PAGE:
Please use this identifier to cite or link to this item:
|Title:||Colonization with Enterobacteriaceae producing ESBLs in children attending pre-school childcare facilities in the Lao People's Democratic Republic|
Carlos Del Ojo Elias
Derrick W. Crook
Paul N. Newton
Sue J. Lee
David A.B. Dance
Nuffield Department of Clinical Medicine
Institut de la Francophonie pour la Médecine Tropicale
|Keywords:||Medicine;Pharmacology, Toxicology and Pharmaceutics|
|Citation:||Journal of Antimicrobial Chemotherapy. Vol.70, No.6 (2014), 1893-1897|
|Abstract:||© The Author 2015. Published by Oxford University Press on behalf of the British Society for Antimicrobial Chemotherapy. All rights reserved. Objectives: Intestinal carriage constitutes an important reservoir of antimicrobial-resistant bacteria, with some of the highest rates reported from Asia. Antibiotic resistance has been little studied in Laos, where some antibiotics are available without restriction, but others such as carbapenems are not available. Patients and methods: We collected stools from 397 healthy children in 12 randomly selected pre-school childcare facilities in and around Vientiane. Colonization with ESBL-producing Enterobacteriaceae (ESBLE) and carbapenemase-producing Enterobacteriaceae (CPE) was detected using a disc diffusion screening test and ESBLE were characterized using WGS. Risk factor data were collected by questionnaire. Results: Ninety-two children (23%) were colonized with ESBLE, mainly Escherichia coli carrying bla<inf>CTX-M</inf> and Klebsiella pneumoniae carrying bla<inf>SHV</inf> or bla<inf>CTX-M</inf>, which were frequently resistant to multiple antibiotic classes. Although residence in Vientiane Capital, foreign travel, higher maternal level of education, antibiotic use in the preceding 3 months and attending a childcare facility with a 'good' level of hygiene were all associated with ESBLE colonization on univariable analysis, a significant association remained only for antibiotic use when a stepwise approach was used with a multivariate random-effects model. WGS analysis suggested transmission in both childcare facilities and community settings. Conclusions: The high prevalence of paediatric colonization with ESBLE in Laos, one of the highest reported in Asia, is probably the result of inappropriate antibiotic use. Paediatric colonization with CPE was not identified in this study, but it is important to continue to monitor the spread of antibiotic-resistant Enterobacteriaceae in Laos.|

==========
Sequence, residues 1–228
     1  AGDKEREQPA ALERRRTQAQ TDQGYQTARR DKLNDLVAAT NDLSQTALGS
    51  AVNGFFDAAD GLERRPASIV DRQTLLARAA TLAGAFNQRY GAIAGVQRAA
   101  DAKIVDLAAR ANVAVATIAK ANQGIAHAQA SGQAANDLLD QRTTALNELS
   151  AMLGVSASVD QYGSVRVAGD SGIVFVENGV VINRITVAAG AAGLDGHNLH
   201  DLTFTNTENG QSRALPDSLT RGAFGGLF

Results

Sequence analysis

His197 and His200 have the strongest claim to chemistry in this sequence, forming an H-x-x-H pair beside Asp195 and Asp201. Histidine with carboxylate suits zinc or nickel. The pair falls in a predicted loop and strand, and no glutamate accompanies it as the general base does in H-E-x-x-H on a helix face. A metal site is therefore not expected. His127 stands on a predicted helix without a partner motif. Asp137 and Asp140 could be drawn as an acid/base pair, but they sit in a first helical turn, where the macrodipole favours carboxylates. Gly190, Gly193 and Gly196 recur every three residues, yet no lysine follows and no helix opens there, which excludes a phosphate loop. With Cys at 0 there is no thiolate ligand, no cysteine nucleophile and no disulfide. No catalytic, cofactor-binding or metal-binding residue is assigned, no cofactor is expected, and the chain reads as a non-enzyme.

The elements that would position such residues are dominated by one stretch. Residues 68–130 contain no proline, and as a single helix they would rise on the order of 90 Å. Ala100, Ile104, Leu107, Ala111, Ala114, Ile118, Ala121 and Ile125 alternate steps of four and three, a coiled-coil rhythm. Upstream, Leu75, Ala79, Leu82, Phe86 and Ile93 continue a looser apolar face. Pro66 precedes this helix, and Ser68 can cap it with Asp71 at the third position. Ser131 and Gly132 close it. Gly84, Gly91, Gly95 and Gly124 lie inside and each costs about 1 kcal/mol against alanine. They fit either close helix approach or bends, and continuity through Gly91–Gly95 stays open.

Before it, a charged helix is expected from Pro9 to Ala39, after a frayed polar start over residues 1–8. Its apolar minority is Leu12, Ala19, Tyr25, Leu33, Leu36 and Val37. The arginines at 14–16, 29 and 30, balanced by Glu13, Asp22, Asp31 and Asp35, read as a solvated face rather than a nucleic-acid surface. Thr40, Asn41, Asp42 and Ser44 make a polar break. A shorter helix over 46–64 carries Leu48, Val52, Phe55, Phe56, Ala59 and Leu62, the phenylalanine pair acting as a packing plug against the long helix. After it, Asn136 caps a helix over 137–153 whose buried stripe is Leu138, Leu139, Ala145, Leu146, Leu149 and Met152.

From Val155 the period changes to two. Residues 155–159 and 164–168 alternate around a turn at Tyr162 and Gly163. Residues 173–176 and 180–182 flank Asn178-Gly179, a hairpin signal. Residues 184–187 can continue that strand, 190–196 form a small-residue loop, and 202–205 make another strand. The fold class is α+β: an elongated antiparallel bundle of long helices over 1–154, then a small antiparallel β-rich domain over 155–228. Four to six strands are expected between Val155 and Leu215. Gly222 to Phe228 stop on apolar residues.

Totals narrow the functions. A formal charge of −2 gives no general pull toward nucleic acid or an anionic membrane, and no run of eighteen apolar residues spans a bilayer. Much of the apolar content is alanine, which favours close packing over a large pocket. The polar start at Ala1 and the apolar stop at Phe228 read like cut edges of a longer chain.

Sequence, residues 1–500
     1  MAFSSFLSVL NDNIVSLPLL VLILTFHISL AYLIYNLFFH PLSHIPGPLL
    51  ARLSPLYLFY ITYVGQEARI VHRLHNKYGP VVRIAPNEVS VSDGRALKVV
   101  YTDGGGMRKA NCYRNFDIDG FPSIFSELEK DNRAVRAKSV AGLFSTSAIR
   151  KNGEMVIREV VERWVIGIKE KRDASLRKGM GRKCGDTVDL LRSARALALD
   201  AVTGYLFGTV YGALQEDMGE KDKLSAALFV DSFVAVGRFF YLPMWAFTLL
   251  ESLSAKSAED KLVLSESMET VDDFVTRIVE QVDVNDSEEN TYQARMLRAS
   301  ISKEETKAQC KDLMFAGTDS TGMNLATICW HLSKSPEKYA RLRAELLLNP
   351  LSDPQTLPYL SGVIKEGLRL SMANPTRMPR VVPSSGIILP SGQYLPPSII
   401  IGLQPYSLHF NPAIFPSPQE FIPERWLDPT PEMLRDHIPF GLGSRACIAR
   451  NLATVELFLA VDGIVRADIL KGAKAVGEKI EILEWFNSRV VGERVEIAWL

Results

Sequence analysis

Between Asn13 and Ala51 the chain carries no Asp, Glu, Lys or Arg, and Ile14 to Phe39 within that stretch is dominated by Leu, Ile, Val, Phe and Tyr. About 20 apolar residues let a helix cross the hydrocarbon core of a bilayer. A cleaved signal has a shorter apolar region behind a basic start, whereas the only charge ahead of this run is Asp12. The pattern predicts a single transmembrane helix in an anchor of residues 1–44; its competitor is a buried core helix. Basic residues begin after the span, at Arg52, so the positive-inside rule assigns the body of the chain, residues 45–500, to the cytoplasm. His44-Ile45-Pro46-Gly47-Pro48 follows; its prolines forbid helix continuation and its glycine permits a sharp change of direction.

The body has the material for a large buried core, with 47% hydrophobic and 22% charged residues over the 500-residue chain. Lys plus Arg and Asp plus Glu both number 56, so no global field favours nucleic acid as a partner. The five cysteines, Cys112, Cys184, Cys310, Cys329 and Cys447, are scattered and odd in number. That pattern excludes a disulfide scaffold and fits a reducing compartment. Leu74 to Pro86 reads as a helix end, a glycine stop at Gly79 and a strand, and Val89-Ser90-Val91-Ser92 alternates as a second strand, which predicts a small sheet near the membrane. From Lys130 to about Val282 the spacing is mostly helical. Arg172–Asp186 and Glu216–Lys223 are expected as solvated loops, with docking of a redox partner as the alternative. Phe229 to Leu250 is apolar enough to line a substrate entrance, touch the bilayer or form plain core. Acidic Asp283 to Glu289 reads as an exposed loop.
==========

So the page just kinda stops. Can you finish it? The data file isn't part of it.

|Appears in Collections:||Scopus 2011-2015|
Files in This Item:
There are no files associated with this item.
Items in DSpace are protected by copyright, with all rights reserved, unless otherwise indicated.